Sabir Zazai, Chair of Together With Refugees and Chief Executive of the Scottish Refugee Council, and himself a refugee (2), said: “With many thousands of refugees risking their lives every year at sea to reach the safety of our shores, it’s fitting that we are here today on this boat to campaign against measures by our government that would seek to punish and criminalise these very people.
“Debates throughout the Bill’s stages, along with a series of heavy defeats in the House of Lords earlier this month, show that there is strong opposition from all sides to the harsh measures proposed in this Bill. The window is closing to secure changes to the Bill and today, MPs have a critical chance to do the right thing and influence, for the better, a piece of legislation that will define our nation’s fundamental approach to refugees.”
Also on the boat were people from across the world who had been forced to flee their homes due to war or threat of violence and seek safety in the UK, including those from Afghanistan, Syria, Kosovo, Eritrea and Ukraine.
Syed Hashemi, who arrived in the UK having fled Afghanistan in 2006, said: “Becoming a refugee is not something that anyone plans for but when it happens to you, knowing you have a safe place to rebuild your life can make a huge difference at a traumatic time. If passed unchanged, the Bill will make seeking sanctuary in the UK an impossibility for thousands of refugees facing the horror of war and persecution like me. It’s unthinkable that this should be allowed to happen in the country that has been a welcoming home to me and many others for so long.”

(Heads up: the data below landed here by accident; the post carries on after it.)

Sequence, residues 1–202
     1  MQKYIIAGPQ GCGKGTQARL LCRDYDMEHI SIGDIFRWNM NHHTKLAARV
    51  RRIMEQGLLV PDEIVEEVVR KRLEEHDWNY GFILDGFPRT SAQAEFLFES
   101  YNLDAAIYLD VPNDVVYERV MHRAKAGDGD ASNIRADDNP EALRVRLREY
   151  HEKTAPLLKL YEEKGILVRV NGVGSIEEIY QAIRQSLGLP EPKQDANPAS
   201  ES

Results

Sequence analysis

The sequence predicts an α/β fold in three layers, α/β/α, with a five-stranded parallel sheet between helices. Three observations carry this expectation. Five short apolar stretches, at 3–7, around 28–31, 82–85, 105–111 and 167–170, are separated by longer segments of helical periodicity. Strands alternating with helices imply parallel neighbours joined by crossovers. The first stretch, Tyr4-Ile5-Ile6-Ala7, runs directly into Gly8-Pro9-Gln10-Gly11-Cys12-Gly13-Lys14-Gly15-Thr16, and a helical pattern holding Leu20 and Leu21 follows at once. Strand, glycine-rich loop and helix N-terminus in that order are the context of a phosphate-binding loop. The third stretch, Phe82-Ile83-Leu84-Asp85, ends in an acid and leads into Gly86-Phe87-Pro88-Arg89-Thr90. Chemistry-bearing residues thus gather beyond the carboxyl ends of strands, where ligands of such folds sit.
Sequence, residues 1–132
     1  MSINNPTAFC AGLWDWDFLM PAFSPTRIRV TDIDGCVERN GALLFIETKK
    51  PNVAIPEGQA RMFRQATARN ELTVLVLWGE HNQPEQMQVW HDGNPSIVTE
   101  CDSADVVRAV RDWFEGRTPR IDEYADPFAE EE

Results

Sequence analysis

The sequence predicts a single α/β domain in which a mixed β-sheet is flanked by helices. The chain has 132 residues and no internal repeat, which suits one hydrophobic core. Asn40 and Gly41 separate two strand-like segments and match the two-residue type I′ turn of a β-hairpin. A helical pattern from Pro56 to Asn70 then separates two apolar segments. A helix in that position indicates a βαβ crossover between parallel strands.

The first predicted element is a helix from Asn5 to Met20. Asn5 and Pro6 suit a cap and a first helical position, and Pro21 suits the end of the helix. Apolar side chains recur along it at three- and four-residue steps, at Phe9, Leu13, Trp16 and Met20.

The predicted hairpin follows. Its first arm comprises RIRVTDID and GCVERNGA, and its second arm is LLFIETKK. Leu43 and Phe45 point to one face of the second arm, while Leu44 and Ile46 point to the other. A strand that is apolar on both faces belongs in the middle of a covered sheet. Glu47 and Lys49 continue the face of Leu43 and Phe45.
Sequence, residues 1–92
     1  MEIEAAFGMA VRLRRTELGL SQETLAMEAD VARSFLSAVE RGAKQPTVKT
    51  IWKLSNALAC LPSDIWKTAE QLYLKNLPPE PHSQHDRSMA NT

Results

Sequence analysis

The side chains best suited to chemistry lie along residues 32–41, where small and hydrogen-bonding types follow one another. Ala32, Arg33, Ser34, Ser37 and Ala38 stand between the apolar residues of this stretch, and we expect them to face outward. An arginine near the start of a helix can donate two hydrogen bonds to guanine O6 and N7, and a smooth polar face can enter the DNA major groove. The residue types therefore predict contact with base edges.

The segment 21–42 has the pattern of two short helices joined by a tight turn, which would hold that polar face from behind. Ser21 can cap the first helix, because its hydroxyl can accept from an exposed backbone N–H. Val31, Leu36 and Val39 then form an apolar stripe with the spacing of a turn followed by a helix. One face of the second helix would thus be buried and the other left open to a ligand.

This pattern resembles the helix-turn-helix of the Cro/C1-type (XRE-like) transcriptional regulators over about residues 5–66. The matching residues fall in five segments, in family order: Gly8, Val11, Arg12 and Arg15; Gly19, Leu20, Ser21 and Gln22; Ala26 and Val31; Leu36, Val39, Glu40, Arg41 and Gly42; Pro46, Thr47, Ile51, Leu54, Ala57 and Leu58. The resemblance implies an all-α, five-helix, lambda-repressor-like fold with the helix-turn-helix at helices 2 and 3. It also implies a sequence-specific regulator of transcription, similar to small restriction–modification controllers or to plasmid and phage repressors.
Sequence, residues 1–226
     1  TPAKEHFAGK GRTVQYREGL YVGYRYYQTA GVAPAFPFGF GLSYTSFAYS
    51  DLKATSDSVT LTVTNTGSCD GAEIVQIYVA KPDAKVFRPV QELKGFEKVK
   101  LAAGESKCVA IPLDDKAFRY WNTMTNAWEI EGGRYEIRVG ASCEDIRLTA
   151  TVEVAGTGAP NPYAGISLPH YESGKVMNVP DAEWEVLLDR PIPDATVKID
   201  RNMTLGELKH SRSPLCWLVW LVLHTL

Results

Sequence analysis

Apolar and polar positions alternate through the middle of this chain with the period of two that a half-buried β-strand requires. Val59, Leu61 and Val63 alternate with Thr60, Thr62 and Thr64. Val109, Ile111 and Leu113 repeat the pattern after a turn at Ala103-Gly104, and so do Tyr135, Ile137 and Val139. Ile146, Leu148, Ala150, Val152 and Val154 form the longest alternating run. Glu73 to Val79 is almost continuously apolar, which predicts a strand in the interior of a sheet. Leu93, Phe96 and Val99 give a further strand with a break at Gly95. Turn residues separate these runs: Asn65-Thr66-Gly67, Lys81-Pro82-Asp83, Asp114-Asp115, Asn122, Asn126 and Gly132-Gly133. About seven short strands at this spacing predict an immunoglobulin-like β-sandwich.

Members of the public will be called on to email or tweet their local MP asking them to ‘vote to protect not punish refugees’.
Patrick Monahan, comedian and refugee, said: “This Bill is a devastating blow to those in desperate need of safety from around the world. I arrived in 1980 from Iran. If I had reached these shores under this new legislation I could have been imprisoned for how I arrived, or sent to Rwanda to face conditions we can not yet imagine. I am putting every hope in MPs to do the right thing and vote to make sure the UK upholds refugee rights, and protect not punish them regardless of how they get here.”
NOTES TO EDITORS:
- The orange heart is a symbol of a more compassionate approach to refugees. It uses the colours of the refugee nation flag created by refugee Yara Said, for the first ever refugee team in the Olympics in 2016. The colours were inspired by a lifebelt representing hope. The heart was developed in 2021 in consultation with refugee organisations and people with lived experience.
- Sabir Zazai sought safety in the UK in 1999, fleeing the conflict in Afghanistan.
About Together With Refugees
Together With Refugees is a coalition of more than 400 national and local organisations representing refugees and people from all walks of life who believe in showing compassion to refugees fleeing war and persecution. The coalition is calling for a better approach to supporting refugees that: allows people to seek safety in the UK, no matter how they came here; ensures people can live in dignity while they wait to find out if they will be granted protection; and enables refugees to rebuild their lives and make valuable contributions to their communities. It also wants the UK to work with other countries to do its bit to help people forced to flee their homes. Find out more at www.togetherwithrefugees.org.uk and @RefugeeTogether on Twitter